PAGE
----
Had we just witnessed something that has happened for centuries across Britain? Did those who in ancient times walked the Sweettrack across this marsh witness the black cloud during their hunting trips? Presumably yes although we don't know the population of starlings back then. As a child the starlings of Newcastle were part of what made me follow a path into nature conservation, a drip-drip of many wildlife encounters that got under my skin. I didn't need equipment then to feel the force of nature, and yesterday I didn't need equipment to see the sight before me, I felt it, we felt it, we certainly heard it and above all that handful of people in amongst the reeds connected with the power nature can awaken and stir in the primeval imaginations within all of us. I may have been fifty years old when I saw this for the first time but I'll remember it until my last breath.

BB was correct when he said "...one moment there is not one in sight, the next you have a black mass, resembling a horde of shiny beetles*". Today I saw that too, but in reverse.

Sadly people of Newcastle are no longer able to relive my naturalist awakening by the starling as I once did.

*'Amid the Tangled Thorns' from The Naturalist's Bedside Book by BB, published 1980.

Tuesday, 11 November 2014

November 11th 2014 - Armistice Day

I had the absolute privilege of working with a visually impaired photographer on Sunday, up at Hadrian's Wall in Northumberland. Rosita McKenzie was one of the most inspiring people I have met. At the age of 11 she became blind almost overnight and now has absolutely no visual stimuli, although as she said she may be able to distinguish between bright sunlight and dark night, but now not sure whether that's just because it 'feels different'.

She came to Hadrian's Wall with me to record a short programme which will air in February on Radio 4. More on that nearer the time. What I came away with was a real understanding of her disability, her work and her way of connecting with the landscape.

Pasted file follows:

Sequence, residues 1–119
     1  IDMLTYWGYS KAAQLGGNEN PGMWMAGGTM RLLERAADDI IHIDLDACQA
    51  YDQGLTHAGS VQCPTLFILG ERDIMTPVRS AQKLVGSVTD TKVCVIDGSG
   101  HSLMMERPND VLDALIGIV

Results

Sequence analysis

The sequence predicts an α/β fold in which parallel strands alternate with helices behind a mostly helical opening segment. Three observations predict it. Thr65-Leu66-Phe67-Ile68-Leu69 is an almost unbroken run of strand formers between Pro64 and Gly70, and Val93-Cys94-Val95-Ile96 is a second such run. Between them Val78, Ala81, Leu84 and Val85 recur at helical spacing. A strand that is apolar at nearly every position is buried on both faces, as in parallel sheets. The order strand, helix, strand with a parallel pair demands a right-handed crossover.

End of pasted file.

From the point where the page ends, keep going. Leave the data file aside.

I'll come back to this topic soon, but as this is Armistice Day, she mentioned to me when we met she had just returned from visiting the poppies at the Tower of London. Wishing to take a photograph which represented what she felt about her visit there, rather than just an image of a poppy, she had the scene described to her by one of the stewards. The steward mentioned that she was looking at one of the workers tables, complete with abandoned tools and water, adjacent to the sea of poppies.

"That's it, that's the image I want to take"

Rosita's inspiration for that image was her imagination and connection to the scene around her. Her connection was that these modern tools were as it were a ghost presence of the tools of war left by the troops who died on the battlefield. Those tools of different use 100 years apart were at some point in time held by living breathing people. 100 years ago that rifle, bayonet or helmet was a tool of a now long dead soldier, today at the tower, the workers tools are similarly abandoned, only the memory of the living breathing human beings who held either set of tools remains. But what she grasped was the human endeavour, now surrounded by poppies via an image which she captured above. And I think this is the most poignant image I've seen in context of its reason for capture.

I wonder how many people visiting the sea of poppies, especially sighted people thought in that way. How many grumbled at the fact that 'that table is spoiling my view'.

In the short time I spent in Rosita's company, I learnt a lot about myself, about connecting with the landscape and about how someone who is visually impaired sees with much more clarity than I ever could. Rosita is a remarkable woman and I am privileged to have met her.

More of her work can be found here : http://rositamckenzie.co.uk/

Thursday, 6 November 2014

November 5th 2014 - Jefferies' Mulberry Tree